Voices Inside garners NEA grant for 10th year

Published 8:14 pm Thursday, May 23, 2019

Robby Henson says Pioneer Playhouse couldn’t be happier about their $15,000 Art Works grant, awarded for the Voices Inside program.

Henson, who is artistic director of the playhouse and founder of the program, says, “This is a program that gives back so much more than our staff gives.”

Apparently, the National Endowment for the Arts agrees, and wants the program to carry on — this is the 10th year in a row Pioneer Playhouse has been awarded the grant.

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Voices Inside works with prison inmates at Northpoint Training Center, teaching writing and performance skills in hopes of sparking creativity, hope and passion — and fighting recidivism. With using theater arts, Henson says they work to build the self-esteem and communication skills of inmates, in the hopes of enriching and humanizing their lives behind bars.

“I work with individuals, most from hard-scrabble backgrounds, and to witness again and again just how creativity can change lives —  it’s awe-inspiring,” he says.

The National Endowment for the Arts approved more than $80 million, part of the Arts Endowment’s second major funding announcement for 2019. In a release, Arts Endowment Acting Chairman Mary Anne Carter said, “Pioneer Playhouse gives people in an overlooked community the opportunity to learn, create and be inspired.”

Henson sees this first-hand, and hopes to continue seeing it. “We’ve had individuals who pass through our program, who have gone on to start theater companies and get masters degrees.”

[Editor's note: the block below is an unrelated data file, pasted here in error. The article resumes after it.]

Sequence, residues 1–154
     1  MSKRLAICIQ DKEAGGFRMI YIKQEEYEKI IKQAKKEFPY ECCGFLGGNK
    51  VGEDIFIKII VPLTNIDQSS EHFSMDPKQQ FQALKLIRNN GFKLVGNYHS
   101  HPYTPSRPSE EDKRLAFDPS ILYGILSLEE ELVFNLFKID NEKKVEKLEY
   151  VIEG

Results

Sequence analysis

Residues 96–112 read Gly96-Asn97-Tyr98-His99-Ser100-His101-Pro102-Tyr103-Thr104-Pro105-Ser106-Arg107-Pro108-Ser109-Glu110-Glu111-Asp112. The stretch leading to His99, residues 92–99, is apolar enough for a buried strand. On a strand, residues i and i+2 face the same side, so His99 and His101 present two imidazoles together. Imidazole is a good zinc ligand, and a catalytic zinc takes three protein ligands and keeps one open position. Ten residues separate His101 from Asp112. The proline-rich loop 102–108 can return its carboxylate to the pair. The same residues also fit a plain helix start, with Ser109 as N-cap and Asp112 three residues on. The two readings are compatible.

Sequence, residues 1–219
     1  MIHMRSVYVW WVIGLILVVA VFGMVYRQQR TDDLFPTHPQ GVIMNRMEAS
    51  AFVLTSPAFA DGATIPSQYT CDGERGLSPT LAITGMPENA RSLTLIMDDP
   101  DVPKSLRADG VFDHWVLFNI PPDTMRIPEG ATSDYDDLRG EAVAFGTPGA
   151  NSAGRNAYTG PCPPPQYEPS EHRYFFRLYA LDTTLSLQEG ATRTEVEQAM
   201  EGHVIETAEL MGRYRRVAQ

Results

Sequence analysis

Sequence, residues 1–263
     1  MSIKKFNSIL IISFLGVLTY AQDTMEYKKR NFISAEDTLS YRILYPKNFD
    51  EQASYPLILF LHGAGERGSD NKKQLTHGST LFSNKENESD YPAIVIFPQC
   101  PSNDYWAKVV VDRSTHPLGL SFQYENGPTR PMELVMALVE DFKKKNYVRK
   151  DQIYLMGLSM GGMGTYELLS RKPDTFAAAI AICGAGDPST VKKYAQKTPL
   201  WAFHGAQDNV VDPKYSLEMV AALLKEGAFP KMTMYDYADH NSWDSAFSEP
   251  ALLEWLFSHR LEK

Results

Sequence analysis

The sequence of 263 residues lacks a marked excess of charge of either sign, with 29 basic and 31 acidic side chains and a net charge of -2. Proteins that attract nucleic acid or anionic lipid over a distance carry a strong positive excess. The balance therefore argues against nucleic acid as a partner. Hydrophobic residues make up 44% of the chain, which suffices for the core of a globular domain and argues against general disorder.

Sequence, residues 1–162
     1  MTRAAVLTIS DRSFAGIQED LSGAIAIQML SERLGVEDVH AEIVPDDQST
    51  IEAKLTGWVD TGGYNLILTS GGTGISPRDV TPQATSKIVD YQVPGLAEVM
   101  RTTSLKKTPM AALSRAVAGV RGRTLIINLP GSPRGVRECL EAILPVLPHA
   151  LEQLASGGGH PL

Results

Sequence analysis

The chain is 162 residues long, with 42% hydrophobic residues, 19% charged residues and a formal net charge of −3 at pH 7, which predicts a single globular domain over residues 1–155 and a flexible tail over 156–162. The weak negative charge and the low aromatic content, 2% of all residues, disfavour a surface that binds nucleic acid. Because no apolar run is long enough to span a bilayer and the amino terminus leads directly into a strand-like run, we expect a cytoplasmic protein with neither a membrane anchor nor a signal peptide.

Part of the program’s aim is for inmates to take responsibility for their life choices, including the crimes they committed and mistakes they made. Henson says it works to relate “universal themes in drama and comedy to their lives … including bringing past experiences, choices and future possibilities into the act of expression.”

And maybe most importantly, encouraging inmates “to speak the truth.”

Carter calls the NEA awards an artistic testament. “These awards, reaching every corner of the United States, are a testament to the artistic richness and diversity in our country.”

Henson’s colleague and sister, Managing Director Heather Henson, said the playhouse is extremely happy that the NEA is still around.

“And still able to fund this kind of life-changing program,” she said. “Without help at the state and federal level, places like Pioneer Playhouse, and programs like Voices Inside, will simply cease to exist.”

“This is the 10th year in a row we’ve received NEA funding, and that continuity is game changing,” Robby Henson says. It allows them to bring in teaching professionals to help with the program. 

“And to present a Pioneer Playhouse MainStage show in the prison yard each summer. And it allows us to tour five other prisons, presenting inmate-authored plays.”

He says theater arts have been proven to enhance reintegration into society, and reduce recidivism. So, he says, this program serves us all.

For more about Voices Inside, visit voicesinside.org; for the National Endowment for the Arts, visit arts.gov; for Pioneer Playhouse, visit pioneerplayhouse.com.